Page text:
They put a new roof on the house, painted it, put in a new hot water heater, pressure tank, and water filtration system, insulated it and put it on the market last August. They recently dropped the price $20,000.

The house is small (only 816 square feet) but there are just the two of them and their three spoiled house cats. It could easily be added onto later.

The timber was logged at the back of the property - maybe four acres total; the rest is in rolling pasture.

It has a separate garage and what my son calls a "chicken coop." It's one of those long buildings with a lot of windows, but looking inside, it doesn't look like a chicken coop to me - more of a barn/shop thing. It needs some work but appears to be pretty solid.

When my son took me to see it a couple of weeks ago, before he had arranged to see it with a real estate agent, we were looking at the outside of the pump house and I told him that it was pretty big to be "just" a pump house and I told him that I thought that it was most likely also what I call a "canning room" - an insulated building set up to store home-canned goods (we couldn't see inside because the door was padlocked). When my son and his girlfriend went to see it a week later with the agent, guess what? I nailed it! That's exactly what it is! My son says it's big enough for a chest freezer as well.

He's so excited! He's got plans for a big garden of raised beds and a green house and he wants to raise a beef (his girlfriend's father said he would buy a steer and buy the feed for it and then they could split the beef). My son also wants to check into raising "pasture hogs" - possibly American Guinea Hogs - and raising some meat birds.

And......he wants me to sell my place and move onto the property. Not into the house but to buy a park model and set it up. I know he worries about me out here by myself when my youngest graduates high school this year and moves out and he has always talked about buying a place that I could also live on.

And, yes, the goats can come! In fact, he wants the goats. The dogs not so much but we would work around it - we would fence in a large area for them, probably using a portion of the barn/shop/coop (whatever it is) as their "house" (since I have too many dogs to fit into a park model with me). The cats, of course, are welcome, as are the chickens but I don't think he wants the 50-60 Muscovies. lol

It makes a lot of sense but I'm not sure I can do it. I like my privacy and I'm not sure about living on someone else's property - even if that someone else is my own son. He's got a spot picked out at one side of the property where there would be some trees between us that he says would be "perfect" and where I would have my own driveway; he says it would be like we were "just neighbors."

Also, this farm, while still surrounded by other farms, is much closer to "civilization" than what I am used to - I'm pretty remote out here and I like it. I'm not sure about moving closer to town.

And by selling my place, I would have a bit of a nest egg to probably see me through until, well.....until I didn't need it anymore.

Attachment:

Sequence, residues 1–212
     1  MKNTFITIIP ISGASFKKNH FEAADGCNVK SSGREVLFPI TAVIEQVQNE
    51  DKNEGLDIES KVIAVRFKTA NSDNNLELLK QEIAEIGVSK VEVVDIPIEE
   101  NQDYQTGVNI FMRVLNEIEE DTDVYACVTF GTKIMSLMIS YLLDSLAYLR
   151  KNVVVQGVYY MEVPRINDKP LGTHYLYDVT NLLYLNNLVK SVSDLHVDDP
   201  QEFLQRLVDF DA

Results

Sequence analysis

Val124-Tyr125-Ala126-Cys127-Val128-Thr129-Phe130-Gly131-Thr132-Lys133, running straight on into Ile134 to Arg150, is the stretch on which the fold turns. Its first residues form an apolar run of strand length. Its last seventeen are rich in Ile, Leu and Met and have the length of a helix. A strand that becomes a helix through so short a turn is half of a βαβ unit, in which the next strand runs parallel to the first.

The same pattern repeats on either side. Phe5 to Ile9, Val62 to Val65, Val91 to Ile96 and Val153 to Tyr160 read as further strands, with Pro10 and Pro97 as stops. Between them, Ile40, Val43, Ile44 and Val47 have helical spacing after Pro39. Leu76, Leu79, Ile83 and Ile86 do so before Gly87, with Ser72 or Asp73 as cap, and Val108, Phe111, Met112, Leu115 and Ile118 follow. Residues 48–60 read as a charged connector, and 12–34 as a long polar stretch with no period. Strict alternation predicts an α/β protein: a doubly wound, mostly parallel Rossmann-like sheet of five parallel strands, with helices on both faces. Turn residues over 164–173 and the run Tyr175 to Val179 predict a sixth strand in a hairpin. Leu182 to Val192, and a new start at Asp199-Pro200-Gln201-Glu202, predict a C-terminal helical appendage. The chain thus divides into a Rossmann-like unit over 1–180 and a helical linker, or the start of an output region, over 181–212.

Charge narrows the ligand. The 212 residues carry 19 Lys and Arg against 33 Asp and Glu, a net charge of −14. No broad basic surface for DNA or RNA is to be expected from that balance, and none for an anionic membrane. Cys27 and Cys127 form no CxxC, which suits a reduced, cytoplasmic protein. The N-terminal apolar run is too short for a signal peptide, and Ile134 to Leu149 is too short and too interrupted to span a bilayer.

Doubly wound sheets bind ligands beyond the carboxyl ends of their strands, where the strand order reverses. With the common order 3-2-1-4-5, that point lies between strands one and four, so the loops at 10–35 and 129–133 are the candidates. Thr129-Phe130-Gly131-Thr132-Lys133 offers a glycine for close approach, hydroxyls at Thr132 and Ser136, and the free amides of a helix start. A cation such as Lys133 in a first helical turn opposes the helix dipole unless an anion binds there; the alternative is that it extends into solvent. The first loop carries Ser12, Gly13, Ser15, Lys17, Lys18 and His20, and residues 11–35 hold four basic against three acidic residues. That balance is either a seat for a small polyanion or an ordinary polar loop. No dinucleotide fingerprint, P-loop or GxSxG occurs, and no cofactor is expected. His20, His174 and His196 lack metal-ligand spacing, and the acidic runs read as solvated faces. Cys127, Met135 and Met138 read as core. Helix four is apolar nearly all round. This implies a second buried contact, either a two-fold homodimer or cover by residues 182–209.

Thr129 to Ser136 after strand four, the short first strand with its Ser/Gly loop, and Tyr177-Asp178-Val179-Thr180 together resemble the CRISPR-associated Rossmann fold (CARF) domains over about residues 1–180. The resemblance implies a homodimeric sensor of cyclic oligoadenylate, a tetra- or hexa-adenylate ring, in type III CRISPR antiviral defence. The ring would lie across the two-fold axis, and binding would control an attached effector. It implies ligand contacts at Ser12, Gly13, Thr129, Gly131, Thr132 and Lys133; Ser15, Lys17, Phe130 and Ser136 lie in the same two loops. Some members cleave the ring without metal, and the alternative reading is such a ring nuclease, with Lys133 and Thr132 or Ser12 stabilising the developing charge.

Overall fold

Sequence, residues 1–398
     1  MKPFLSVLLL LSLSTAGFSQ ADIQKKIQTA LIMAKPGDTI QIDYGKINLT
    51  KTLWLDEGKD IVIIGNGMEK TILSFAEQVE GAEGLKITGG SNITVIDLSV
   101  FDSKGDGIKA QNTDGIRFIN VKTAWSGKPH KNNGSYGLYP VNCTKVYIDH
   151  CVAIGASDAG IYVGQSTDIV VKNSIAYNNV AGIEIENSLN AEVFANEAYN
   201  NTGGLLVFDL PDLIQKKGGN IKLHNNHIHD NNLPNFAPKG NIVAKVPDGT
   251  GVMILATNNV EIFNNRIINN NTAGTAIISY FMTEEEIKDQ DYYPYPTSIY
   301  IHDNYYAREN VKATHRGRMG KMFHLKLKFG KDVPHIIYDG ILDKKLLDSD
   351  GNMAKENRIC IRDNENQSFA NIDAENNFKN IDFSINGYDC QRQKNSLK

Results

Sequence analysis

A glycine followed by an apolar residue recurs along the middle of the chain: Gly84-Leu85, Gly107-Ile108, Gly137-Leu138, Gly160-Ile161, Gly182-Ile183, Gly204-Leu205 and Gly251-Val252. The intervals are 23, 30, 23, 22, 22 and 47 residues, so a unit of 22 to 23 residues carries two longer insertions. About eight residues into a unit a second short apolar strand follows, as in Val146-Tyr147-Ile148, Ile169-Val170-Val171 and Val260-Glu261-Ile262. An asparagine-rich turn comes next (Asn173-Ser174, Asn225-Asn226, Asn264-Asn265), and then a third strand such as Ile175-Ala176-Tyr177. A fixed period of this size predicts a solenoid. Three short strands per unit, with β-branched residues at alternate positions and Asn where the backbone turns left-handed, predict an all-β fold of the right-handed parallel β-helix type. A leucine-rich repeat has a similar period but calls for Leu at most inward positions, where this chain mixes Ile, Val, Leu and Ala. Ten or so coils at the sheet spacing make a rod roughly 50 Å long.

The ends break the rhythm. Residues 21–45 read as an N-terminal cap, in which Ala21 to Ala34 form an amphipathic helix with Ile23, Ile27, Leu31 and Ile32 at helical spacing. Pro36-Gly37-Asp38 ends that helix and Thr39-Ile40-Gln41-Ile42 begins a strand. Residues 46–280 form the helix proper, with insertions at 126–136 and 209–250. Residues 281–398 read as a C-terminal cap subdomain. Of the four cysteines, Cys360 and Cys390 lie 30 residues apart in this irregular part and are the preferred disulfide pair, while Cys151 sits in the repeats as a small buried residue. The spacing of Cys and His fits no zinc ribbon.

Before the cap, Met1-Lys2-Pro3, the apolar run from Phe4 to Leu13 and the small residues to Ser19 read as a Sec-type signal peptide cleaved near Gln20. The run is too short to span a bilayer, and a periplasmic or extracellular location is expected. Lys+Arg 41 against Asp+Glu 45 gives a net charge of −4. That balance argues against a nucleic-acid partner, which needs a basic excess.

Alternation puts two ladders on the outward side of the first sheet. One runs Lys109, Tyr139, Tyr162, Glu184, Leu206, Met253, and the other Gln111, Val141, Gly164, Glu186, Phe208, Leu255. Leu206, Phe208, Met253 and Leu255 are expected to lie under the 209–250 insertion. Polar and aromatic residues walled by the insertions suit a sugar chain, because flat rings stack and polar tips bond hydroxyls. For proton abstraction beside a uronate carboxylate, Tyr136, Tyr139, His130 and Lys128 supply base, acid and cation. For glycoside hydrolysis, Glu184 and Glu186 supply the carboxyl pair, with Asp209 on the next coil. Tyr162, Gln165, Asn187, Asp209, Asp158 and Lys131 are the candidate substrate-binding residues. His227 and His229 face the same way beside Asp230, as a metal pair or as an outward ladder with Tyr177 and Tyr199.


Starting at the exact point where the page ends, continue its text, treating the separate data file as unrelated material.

Anyway, lots to think about but no decisions have to be made right away. In the meantime, I am just so happy for him and excited that at least one of my kids got the "farmer gene."
Sounds like a huge undertaking, but what a way to spend thier time, than making improvements and enjoying the great outdoors. It beats sitting around at the bar, drinking all weekend.

As for you and moving, if your youngest is just graduating from high school, I doubt you are, in anyway, unable to take care of yourself and it sounds like you are not quite reaady to live on someone else's propety, ever your sons. No one can make the decision but you, if it were me, I think I would simply say, "son I appreciate your concerns but I will be fine for a few more years"
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Old 02-21-2013, 07:03 AM
 
Location: Great State of Texas
86,093 posts, read 73,622,034 times
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Congrats. Farming full time is near impossible while working full time.

If he needs the job then maybe just do small scale farming while working.
There's no rush to go all hog wild and get everything in place all at once.
Take your time and do a little every year.

That's what I keep saying to myself as I fix up my 45 acres.."Rome wasn't built in a day".
I was working full time last year and got hardly anything done. Now I'm home more (early retirement but doing substitute teaching) and while I can get more done, there's still a laundry list a mile long of "projects".
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Old 02-21-2013, 09:08 AM
 
24,841 posts, read 32,879,712 times
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Quote:
Originally Posted by HappyTexan View Post
Congrats. Farming full time is near impossible while working full time.

If he needs the job then maybe just do small scale farming while working.
There's no rush to go all hog wild and get everything in place all at once.
Take your time and do a little every year.

That's what I keep saying to myself as I fix up my 45 acres.."Rome wasn't built in a day".
I was working full time last year and got hardly anything done. Now I'm home more (early retirement but doing substitute teaching) and while I can get more done, there's still a laundry list a mile long of "projects".
Yes, it is next to impossible.

Farm equipment is priced along the lines of well rigs.

That means $500,000 and up for a tractor....and that is just a start.

Or, you can buy junk....duck tape and a lot of wenches.